Racism in Germany
In Germany, a political row has broken out after a former government spokesman, Uwe-Karsten Heye, told a radio station that there are towns around the capital Berlin “where I would not advise anybody with a different skin colour to visit” during next month’s World Cup.
“They might not leave alive,” he added.
Mr Heye’s comments drew a sharply critical response from some politicians, but many papers agree with Mr Heye’s remarks.
The Berliner Zeitung defends the former government spokesman, who now heads an anti-racist group.
His warning was justified, it argues, because there are indeed “many centres of right-wing extremism” which “nobody can in all honesty recommend to a black African as a destination for an outing”.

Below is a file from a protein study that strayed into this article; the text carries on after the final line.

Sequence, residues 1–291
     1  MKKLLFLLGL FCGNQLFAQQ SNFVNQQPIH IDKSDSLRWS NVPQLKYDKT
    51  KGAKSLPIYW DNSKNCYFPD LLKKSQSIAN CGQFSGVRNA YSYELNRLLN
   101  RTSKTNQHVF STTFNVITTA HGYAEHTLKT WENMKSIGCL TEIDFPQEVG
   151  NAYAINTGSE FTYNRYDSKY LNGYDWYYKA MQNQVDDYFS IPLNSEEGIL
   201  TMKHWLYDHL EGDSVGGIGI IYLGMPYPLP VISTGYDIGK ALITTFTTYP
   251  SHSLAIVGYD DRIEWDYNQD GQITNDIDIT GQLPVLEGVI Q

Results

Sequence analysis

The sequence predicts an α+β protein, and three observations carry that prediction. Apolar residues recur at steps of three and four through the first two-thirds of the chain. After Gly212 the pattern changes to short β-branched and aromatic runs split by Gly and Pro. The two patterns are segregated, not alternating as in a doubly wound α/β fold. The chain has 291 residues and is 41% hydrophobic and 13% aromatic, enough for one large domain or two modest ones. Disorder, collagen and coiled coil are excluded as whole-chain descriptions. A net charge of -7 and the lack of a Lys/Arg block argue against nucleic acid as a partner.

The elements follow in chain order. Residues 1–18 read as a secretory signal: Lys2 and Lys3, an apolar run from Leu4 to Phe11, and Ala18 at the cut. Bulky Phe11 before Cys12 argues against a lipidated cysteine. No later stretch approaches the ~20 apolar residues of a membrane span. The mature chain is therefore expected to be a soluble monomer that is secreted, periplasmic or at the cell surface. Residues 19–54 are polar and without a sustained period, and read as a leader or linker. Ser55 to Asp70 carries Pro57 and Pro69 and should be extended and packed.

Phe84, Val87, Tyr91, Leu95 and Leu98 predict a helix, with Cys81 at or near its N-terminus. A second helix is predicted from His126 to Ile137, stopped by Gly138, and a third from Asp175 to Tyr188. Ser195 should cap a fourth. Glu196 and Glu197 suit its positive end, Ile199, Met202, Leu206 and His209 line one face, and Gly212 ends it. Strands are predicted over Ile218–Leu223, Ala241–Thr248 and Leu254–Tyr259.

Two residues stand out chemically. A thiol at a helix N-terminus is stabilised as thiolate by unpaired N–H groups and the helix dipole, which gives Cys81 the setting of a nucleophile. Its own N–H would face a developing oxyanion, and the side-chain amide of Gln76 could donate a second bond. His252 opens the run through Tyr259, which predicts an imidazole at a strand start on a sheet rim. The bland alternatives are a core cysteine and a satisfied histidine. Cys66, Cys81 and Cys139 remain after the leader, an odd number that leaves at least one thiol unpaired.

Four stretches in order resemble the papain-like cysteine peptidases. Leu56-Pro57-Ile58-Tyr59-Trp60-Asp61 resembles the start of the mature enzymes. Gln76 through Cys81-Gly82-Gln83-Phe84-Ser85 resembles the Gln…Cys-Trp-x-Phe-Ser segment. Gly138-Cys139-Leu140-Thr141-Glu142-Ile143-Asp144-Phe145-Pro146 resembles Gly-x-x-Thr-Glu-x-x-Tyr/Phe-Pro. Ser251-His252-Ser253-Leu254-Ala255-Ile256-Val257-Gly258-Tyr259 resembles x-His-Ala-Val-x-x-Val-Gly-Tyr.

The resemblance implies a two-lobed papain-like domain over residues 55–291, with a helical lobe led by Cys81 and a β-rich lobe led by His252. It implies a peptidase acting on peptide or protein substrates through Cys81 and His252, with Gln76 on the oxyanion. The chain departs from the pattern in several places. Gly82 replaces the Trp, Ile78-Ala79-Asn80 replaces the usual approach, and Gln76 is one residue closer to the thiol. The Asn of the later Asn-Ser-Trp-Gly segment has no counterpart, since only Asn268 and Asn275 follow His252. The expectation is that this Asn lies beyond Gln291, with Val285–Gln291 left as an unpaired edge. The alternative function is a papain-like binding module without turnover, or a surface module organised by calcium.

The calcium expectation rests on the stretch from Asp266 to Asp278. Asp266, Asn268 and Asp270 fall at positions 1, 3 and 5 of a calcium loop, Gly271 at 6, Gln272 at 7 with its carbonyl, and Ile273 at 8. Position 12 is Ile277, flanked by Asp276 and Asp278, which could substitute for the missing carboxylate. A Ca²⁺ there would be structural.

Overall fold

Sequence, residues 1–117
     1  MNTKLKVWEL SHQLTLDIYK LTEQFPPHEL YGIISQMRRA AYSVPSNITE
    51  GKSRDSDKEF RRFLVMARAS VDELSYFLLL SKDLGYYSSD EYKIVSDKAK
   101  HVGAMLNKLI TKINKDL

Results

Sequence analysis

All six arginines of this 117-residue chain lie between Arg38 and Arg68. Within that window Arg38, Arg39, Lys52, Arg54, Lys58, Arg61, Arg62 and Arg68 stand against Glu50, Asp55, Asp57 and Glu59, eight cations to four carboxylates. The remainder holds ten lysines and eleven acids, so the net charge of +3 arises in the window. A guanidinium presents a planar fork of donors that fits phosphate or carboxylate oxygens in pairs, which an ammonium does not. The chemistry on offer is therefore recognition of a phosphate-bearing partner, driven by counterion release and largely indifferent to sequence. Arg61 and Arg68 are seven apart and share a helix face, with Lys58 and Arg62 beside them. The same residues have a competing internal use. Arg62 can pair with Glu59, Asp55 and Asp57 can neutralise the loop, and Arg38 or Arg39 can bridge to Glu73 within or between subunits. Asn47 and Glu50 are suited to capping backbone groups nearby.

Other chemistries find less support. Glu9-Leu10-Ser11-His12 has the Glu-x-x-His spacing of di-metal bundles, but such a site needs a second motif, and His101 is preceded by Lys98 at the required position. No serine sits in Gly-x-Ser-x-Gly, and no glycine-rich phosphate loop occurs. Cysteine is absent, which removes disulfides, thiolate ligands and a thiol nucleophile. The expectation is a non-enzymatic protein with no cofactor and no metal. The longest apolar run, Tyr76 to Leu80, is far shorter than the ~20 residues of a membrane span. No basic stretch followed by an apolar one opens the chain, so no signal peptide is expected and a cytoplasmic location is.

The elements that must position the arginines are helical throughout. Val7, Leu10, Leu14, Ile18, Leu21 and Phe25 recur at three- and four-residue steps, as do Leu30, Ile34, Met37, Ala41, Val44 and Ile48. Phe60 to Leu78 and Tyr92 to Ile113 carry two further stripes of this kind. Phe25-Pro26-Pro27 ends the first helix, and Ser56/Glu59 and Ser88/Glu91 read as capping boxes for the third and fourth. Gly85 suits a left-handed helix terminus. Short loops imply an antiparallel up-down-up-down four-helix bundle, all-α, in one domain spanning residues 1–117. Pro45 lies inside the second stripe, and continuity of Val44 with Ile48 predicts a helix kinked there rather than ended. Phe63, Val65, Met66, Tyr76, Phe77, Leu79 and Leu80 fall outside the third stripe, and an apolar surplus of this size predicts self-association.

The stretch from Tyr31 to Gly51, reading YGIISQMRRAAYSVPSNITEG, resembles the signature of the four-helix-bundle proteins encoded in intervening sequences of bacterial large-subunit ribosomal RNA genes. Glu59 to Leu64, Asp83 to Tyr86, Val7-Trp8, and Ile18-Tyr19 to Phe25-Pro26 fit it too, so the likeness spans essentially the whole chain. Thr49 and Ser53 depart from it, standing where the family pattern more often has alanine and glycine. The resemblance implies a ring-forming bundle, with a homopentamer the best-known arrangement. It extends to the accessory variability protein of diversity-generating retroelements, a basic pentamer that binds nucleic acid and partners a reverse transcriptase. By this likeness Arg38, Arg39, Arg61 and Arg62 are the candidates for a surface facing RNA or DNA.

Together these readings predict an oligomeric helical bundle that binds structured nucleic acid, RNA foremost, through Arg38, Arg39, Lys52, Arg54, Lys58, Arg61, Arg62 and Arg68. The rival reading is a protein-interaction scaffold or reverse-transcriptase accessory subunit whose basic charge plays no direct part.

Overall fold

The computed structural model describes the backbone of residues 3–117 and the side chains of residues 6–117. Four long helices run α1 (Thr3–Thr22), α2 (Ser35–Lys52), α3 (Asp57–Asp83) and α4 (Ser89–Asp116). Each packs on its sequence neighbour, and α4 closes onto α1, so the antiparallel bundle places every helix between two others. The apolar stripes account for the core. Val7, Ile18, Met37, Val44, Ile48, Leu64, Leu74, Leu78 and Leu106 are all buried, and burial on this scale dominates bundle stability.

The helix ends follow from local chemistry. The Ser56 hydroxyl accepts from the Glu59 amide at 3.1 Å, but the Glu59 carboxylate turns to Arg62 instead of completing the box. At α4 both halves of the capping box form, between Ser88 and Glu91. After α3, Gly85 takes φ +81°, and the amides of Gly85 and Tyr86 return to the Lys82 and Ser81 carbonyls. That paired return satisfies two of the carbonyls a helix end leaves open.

Uwe-Karsten Heye told the truth according to Der Tagesspiegel
Mr Heye could have gone further by talking about the role of politicians, the judicial authorities and the media in fuelling xenophobia, it adds.
“But thanks to him at least the scandal of no-go areas for foreigners has finally become a political issue.”
Die Tageszeitung denounces criticism of Mr Heye – voiced by Brandenburg’s regional premier, Matthias Platzeck, and the state’s Interior Minister Joerg Schoenbohm – as “scandalous”.
The paper refers the two politicians to an official report, which listed 17 places in which extreme right-wing subcultures – which spontaneously go for foreigners, blacks and left-wingers – are active.”
According to the Frankfurter Rundschau, it is wrong to accuse Mr Heye of condemning entire regions.
If some of Germany’s regions carry a stigma, it is because of racist activities there, the paper argues.
“We shall gain recognition in the world if we courageously talk about and, if possible, resolve our problems – not by hypocritically criticising somebody who refuses to turn a blind eye.”